Greetings from PMI Bangalore India Chapter!
During last month, in a sudden move, Tata Trusts replaced Cyrus Mistry as the Chairman of Tata Sons. Chairman Emeritus Ratan Tata was chosen interim chairman and a selection committee was set up to select a new chairman within four months. This was a surprise to most of us, especially for those who take great deal of interest in following corporate news. And the breaking news hungry news channels, got their fodder for next one months at the least. Immediately reason, justification, expert opinions started making the rounds and anybody and everybody had an opinion to offer. Sacked unceremoniously, a “shocked” Mistry levelled a series of allegations against Tata and contended that he was relegated to a “lame duck” chairman.
Tata recently made an announcement that his removal was absolutely necessary for future of the group. Some speculate that there was a clash of cultures and management style, whereas others feel there was a concern over the erosion of long-held ‘values’ and the reversal of certain policies and practices. The remark presented above are not my personal opinion but are the related news sprinkled all over the place in the media. I am in no position to comment on who erred on the wrong side. However as a Project Manager and a leader working in a corporate world for a long time, I could get few “Lessons Learned” from the above episode. Like we are always told that perception is reality. How your stakeholders perceives you determines what happens to you. Probably Mistry was not able to carry the stakeholders along with him or align them with his ‘definition of change’. Probably there was too much of ‘culture’ clash between the old guard and the now-sacked Mistry’s leadership team. As leaders we need to first check if our management and stakeholders support what we think is ‘right things (e.g. strategy) to do’. It may not yield the desired results, esp if the organization structure is huge and complex, if we execute the “change” without obtaining their buy-in or aligning with them. One might argue, that another strategy would be to change the ‘stakeholders’, make them aligned, before executing the change.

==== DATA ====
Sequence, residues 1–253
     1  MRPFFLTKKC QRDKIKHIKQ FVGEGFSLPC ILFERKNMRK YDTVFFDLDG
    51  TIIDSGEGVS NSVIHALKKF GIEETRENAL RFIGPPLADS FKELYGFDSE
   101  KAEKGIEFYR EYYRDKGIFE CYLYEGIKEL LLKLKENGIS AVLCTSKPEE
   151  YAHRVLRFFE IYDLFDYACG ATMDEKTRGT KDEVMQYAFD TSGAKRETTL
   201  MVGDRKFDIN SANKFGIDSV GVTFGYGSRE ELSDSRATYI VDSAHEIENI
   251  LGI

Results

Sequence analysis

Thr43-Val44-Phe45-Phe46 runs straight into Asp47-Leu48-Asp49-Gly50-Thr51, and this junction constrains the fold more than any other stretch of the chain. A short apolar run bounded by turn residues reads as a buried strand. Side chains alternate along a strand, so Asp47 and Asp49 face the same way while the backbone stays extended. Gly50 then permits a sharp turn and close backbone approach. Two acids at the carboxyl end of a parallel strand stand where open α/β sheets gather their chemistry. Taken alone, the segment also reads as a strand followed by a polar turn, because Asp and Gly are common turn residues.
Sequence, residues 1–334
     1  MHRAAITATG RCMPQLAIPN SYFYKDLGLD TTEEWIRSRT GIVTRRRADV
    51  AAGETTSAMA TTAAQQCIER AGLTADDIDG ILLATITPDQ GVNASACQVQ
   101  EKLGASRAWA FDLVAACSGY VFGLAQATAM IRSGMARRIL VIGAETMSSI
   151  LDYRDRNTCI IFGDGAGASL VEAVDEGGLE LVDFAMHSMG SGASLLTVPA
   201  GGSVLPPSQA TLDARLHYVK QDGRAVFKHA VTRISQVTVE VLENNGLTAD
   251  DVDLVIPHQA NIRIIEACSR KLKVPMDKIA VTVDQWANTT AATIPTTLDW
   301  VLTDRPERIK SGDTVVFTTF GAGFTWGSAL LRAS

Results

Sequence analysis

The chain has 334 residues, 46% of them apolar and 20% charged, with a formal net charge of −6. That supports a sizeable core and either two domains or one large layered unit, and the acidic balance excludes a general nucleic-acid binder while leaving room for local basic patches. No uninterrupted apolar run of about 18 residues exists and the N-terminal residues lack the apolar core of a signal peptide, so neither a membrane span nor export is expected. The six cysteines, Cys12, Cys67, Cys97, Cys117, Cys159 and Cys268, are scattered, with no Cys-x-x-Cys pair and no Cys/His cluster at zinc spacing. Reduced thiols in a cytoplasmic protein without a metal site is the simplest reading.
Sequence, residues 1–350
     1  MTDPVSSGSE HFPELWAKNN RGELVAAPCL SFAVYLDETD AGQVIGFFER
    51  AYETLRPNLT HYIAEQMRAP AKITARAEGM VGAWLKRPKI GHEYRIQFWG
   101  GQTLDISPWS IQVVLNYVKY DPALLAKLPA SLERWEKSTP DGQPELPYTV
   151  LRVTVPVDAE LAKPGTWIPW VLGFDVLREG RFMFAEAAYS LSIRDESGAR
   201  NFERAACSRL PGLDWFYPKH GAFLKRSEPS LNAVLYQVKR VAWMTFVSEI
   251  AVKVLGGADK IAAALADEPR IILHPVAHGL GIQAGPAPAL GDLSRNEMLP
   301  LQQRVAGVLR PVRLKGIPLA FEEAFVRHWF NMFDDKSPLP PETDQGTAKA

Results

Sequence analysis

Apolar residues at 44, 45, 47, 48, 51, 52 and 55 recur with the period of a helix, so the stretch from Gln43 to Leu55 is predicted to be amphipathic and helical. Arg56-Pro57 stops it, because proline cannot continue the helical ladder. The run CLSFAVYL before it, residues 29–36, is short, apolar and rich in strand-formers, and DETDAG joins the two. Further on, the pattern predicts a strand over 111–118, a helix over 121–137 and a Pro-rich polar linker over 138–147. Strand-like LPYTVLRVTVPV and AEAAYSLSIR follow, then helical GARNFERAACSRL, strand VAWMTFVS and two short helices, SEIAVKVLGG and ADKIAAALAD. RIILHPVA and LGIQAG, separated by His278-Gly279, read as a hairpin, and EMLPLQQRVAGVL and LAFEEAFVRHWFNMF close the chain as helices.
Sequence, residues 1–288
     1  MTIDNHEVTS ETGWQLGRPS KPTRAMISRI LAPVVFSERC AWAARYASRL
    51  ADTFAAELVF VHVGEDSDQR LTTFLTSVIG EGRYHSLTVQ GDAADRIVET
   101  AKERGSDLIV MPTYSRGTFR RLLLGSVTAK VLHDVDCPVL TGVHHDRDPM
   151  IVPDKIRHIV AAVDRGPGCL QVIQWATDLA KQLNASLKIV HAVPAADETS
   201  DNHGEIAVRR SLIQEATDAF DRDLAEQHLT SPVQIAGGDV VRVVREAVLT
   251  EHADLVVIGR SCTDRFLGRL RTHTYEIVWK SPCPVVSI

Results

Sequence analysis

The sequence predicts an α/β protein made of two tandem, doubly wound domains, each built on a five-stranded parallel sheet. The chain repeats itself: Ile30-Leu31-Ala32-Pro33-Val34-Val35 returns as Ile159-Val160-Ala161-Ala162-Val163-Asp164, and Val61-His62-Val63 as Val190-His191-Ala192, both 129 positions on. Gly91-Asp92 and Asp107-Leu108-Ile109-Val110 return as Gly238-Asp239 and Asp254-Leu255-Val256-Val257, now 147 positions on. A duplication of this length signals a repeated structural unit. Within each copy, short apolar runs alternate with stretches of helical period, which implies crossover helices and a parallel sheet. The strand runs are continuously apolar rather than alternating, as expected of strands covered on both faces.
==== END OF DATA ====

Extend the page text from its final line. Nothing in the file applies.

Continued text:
Another “Lessons Learned” is it costs a lot of money and ‘goodwill’ if there is Mis-Hire or Wrong Hire. The more senior the level of Mis Hire, the more is impact. A lot of resources were put behind finding a successor of Ratan Tata – something not many companies and even group can afford to do. When we hire we typically look for ‘business competencies’ in the candidate but recognizing the ability of the candidates to adjust with the eco system of the company and key stakeholders is important. These ‘behavioural’ or non-technical aspects, that can lead to Mis-hiring should be an important criterion to look for in the candidates during hiring. It may be a case that Mistry was incompetent, but is may be a case that he did not fit well with the company culture. At this point we are not sure how the thing unfolds in due course of time, but as Project Managers, it definitely provided some good insights into how to manage things in corporate world.
Soumen De, PMP
Technology Support : : Ramesh Chandra Pathak, PMP
Murali Santhanam, PMP
Namita Gupta, PMP, PMI-ACP
Rama K, PMP, PMI-ACP
Shikha Vaidh, PMP, PMI-ACP
Soumen De, PMP
Sujata Sahu, PMP